“Our recommendation is that people do not give in and do not pay. As the old saying goes, don’t feed the trolls,” a Pirate Party member informed Canaltech.

This ‘ignore’ tactic has worked in other countries, but there are no guarantees. However, now that this campaign is out in the open we expect more legal experts will join in with advice and recommendations.

While our understanding of Brazilian law and legal proceedings is limited, it can pay off for defense lawyers to look at Copyright Management Services and the rights it owns or controls. Earlier this year, the Danish High Court dismissed several cases filed by the same company, concluding that it produced no content, distributed none, and wasn’t in a position to sue.

TorrentFreak reached out to a representative of the copyright holders to hear their side of the story, requesting more information, but at the time of writing we have yet to receive an official response.

From: TF, for the latest news on copyright battles, piracy and more.


Court Suspends ‘Copyright Troll’ Lawyer From Practicing Law

Over the past several years, independent photographers have filed more than a thousand lawsuits against companies that allegedly used their work without permission.

The majority of these cases, with prominent targets such as,,,,, are handled by attorney Richard Liebowitz.

When we first spotted this emerging trend in 2016, Liebowitz told us that he was helping independent photographers to protect their rights. All too often, companies would take their work without paying, he said.

Liebowitz’ Repeated Misconduct

While that argument still holds true in many cases, the attorney himself has trouble sticking to the rules as well. In his relatively short career, courts have reprimanded and sanctioned him for various types of misconduct.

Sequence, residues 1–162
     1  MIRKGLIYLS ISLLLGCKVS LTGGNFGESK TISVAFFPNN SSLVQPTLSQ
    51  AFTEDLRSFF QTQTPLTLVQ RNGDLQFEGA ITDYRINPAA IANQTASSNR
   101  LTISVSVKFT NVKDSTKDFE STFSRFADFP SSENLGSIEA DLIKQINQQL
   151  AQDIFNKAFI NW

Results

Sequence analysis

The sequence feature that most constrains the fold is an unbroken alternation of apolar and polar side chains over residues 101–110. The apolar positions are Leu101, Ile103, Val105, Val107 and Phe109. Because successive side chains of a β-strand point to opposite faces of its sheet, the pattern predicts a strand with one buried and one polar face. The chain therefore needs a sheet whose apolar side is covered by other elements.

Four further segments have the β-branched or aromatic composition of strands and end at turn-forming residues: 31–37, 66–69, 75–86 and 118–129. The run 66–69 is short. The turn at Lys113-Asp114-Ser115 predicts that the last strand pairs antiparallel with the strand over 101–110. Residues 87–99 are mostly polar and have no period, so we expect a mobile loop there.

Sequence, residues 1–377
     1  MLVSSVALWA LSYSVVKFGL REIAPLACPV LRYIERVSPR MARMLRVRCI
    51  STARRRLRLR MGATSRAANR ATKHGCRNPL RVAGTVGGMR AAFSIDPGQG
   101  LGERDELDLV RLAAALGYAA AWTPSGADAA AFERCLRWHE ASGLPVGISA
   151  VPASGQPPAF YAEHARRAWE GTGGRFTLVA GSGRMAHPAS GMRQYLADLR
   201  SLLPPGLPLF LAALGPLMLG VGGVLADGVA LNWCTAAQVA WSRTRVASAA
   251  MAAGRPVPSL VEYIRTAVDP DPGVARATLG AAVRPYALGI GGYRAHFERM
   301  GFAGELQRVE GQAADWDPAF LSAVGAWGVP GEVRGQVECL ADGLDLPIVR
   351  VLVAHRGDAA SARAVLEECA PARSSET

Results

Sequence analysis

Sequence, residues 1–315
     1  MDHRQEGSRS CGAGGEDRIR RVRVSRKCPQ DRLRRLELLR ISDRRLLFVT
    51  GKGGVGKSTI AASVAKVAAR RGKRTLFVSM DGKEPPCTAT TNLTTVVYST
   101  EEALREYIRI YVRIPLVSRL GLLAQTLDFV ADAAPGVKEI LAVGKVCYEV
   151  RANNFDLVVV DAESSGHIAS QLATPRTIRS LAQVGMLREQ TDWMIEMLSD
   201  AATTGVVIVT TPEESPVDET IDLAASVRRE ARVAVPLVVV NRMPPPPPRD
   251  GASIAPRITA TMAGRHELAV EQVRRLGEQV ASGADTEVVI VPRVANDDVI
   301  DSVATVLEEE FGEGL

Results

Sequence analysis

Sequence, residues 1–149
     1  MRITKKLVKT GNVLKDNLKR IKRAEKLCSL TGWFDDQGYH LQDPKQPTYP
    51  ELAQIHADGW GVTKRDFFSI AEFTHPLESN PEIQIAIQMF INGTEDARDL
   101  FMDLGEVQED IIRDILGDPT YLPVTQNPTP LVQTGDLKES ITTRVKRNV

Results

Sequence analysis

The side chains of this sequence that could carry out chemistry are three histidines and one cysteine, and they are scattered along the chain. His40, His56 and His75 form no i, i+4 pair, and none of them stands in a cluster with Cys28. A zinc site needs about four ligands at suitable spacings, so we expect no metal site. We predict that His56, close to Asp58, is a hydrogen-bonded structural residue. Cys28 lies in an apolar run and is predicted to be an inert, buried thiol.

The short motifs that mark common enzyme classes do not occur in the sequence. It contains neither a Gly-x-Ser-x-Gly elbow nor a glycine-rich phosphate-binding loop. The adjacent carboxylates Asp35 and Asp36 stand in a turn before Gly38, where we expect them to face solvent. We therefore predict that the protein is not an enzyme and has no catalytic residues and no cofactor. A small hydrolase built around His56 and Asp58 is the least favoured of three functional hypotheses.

This summer, for example, in the Usherson v. Bandshell case, a New York federal court ordered the lawyer to pay over $100,000 in sanctions for violating several court orders and repeatedly lying under oath. This included a false claim that the photo’s copyright was registered when the case was filed.

In a detailed order, the court further concluded that, given the attorney’s “deplorable record,” steps should be taken to suspend the attorney’s ability to file new cases. As such, the matter was referred to the court’s Grievance Committee.

Suspended from Practicing Law

The Grievance Committee evaluated the findings recently and concluded that Liebowitz will be suspended from practicing law in the district until further order.

“After careful deliberation, the Committee is unanimously of the view that the Charges are strongly supported by the record. What is more, the Committee is unanimously of the view that interim disciplinary measures against Respondent must be put in place immediately,” the Committee writes.

The order, issued last week, notes that the measure is appropriate to protect the public from future violations. Given the attorney’s track record, this is a real threat.

“The record in this case — which includes Respondent’s repeated disregard for orders from this Court and his unwillingness to change despite 19 formal sanctions and scores of other admonishments and warnings from judges across the country — leads the Committee to the view that recurrence is highly likely.”

The suspension is temporary, as the court still has to finalize the full proceeding. For the time being, however, Liebowitz will have to halt all his legal activities in the district.

Further Sanctions?

Meanwhile, the various missteps continue to pile on. In addition to the $100,000 sanction in the Usherson v. Bandshell case a few weeks ago, the attorney was also instructed to send a copy of the scathing order to all of his clients. However, that didn’t happen.

In September he informed the court that he had failed to inform some clients right away. A month later, it became clear that he failed to do so in 113 cases, which is far from a minor oversight.

Yesterday, District Court Judge Jesse Furman wrote that this additional failure to comply with the court’s order is a strong argument to impose further sanctions.

“Had Mr. Liebowitz failed to file the Opinion and Order in a handful of cases, the failure to comply might have been understandable and excusable. But the failure to file it in 113 cases is astonishing and suggests contumaciousness, an egregiously disorganized case management system, or both.”

Nothing to Deter

Interestingly, however, the Court chose not to add any sanctions. While that may sound positive for the lawyer, the reasoning behind it is quite grim. Mr. Liebowitz may be a lost cause, Judge Furman suggests.